3. I fully expect to see this image in a magazine shortly! It is amazing Dylan and thanks for sharing the process. I never doubted for a moment that you created this as you saw it. I’ve seen your other work. It was enough for me!

  4. Loved reading about this. I have always had a bit of a fascination with night photography and love what you do. Time to start learning more about luminosity and how it can work to improve some of my photos too I think.

  5. My daughter has, it seems, gotten the bug now too at nearly 16 so we relish these lessons from one of my fave artists (as a team, you n the missus;) thanks for the inspiration and share… (Cracked out the pentax K1000 with Velvia professional ISO 100 in it last week;)

  6. fabulous – you definitely didn’t need to justify your imagery but i also loved hearing your thought process from setting up through to the final image

  7. Top class image and kind sharing of your processing flow!

  8. Syed Shamsuddoha

    I must say that I feel very insecure with my photography after seeing yours. Your pictures are awesome and I wish one of these days I can learn something from you.

    Please keep doing the good stuff.

    Cheers and the best.

    S

  9. Thanks for showing the process here. I’ve taken star pictures before, but never thought of combining them into a panorama. A few quick questions:
    (1) Is this a modified camera? E.g., has the infrared filter been removed? I’m guessing it’s a full-frame sensor.
    (2) I’m curious about the “noise reduction” layer you’ve got down there near the bottom. What’s on it? How is this blended in?

    Thanks!

    Andy

    • HI there – the camera is a 5dmk3 full frame body. Nothing modified to it. The noise reduction layer was only applied to the very darks of the image using luminosity masks to select it out (I wanted to retain detail in the rest of the image) – thanks for looking 🙂

  10. Hi Guy’s…you are the most generous photographers I know. Thank you so much for taking such a complex process and breaking it down bit by bit. Don’t pay any attention to the doubters – it just comes down to a mix of jealousy and ignorance on their part!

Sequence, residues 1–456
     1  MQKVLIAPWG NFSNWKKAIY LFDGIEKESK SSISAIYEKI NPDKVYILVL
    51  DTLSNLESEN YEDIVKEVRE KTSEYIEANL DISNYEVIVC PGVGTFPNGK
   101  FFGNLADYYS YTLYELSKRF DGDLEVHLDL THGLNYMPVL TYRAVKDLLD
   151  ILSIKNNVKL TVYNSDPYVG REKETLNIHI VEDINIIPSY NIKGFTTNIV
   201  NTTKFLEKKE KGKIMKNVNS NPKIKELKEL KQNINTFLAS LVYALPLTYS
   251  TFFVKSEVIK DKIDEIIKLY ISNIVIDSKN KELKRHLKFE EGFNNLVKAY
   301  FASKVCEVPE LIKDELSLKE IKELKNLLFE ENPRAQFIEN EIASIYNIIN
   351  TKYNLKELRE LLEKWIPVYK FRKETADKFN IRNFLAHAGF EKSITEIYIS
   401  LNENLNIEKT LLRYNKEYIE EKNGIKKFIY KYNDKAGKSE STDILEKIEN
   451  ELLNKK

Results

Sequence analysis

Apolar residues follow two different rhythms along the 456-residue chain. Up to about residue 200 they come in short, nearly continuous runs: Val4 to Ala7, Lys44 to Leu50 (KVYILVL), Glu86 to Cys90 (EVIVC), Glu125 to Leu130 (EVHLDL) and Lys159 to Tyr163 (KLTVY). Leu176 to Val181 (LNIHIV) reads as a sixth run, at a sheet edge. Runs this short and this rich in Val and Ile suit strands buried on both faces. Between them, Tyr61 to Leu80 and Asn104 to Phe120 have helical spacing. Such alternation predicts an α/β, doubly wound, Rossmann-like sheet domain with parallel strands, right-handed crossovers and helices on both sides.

If you come out with post processing video tutorials, I will be your first customer 🙂

  11. Hi Guy’s….I hope u don’t mind, I have a quick technical question. I tried a galaxy pano last night but I couldn’t fit it in the frame (16-35mm on 5dii). Is there a certain position the galaxy is in that you wait for? Do u also wait for no moon? Thanks, David

    • David, yes there are some occasions when the milky way will be nearly vertical overhead. You might need to take two rows for this scenario though the end result might not be good as there would be too much space in between foreground subject matter and sky. The milky way itself is best shot when there is no or minimal moon present. You can check a program called stellarium for positioning of the milky way. We recently had a shoot where the milky way was too low to arch over trees! http://500px.com/photo/41194562

      • Thanks so much for your reply. I’ll try it again as the galaxy was directly overhead.

        It was actually you guy’s and Kah Kit that got me into photography. I saw all these amazing shots of NZ popping up and thought how can I live in Christchurch with all this on my back doorstep and not be into photography! 

        Btw…regarding the amazing sunrise you took at Kaikoura. The reason for such a surreal sunrise is due to the North West wind. The westerly flow hits the southern alps and is forced up over the mountains causing lots of rain on the west coast. Once the air has dumped all it’s moisture the alps give a nice lenticular shape to the clouds as they come over to the east. As the pressure drops, the first day of the nor-west flow always gives dramatic sunrises so keep an eye out for that weather pattern on your next visit. 

        I look out for the nor-wester and head out on the first morning one arrives. Here’s a shot I took at New Brighton Pier in ChCh recently. The firey clouds in the distance are about were Kaikoura is…. http://500px.com/photo/39400272

        Cheers, David

        ________________________________

      • thanks for the tip David! I’m sure we’ll be back in the future though probably to North Island first before heading back to South 🙂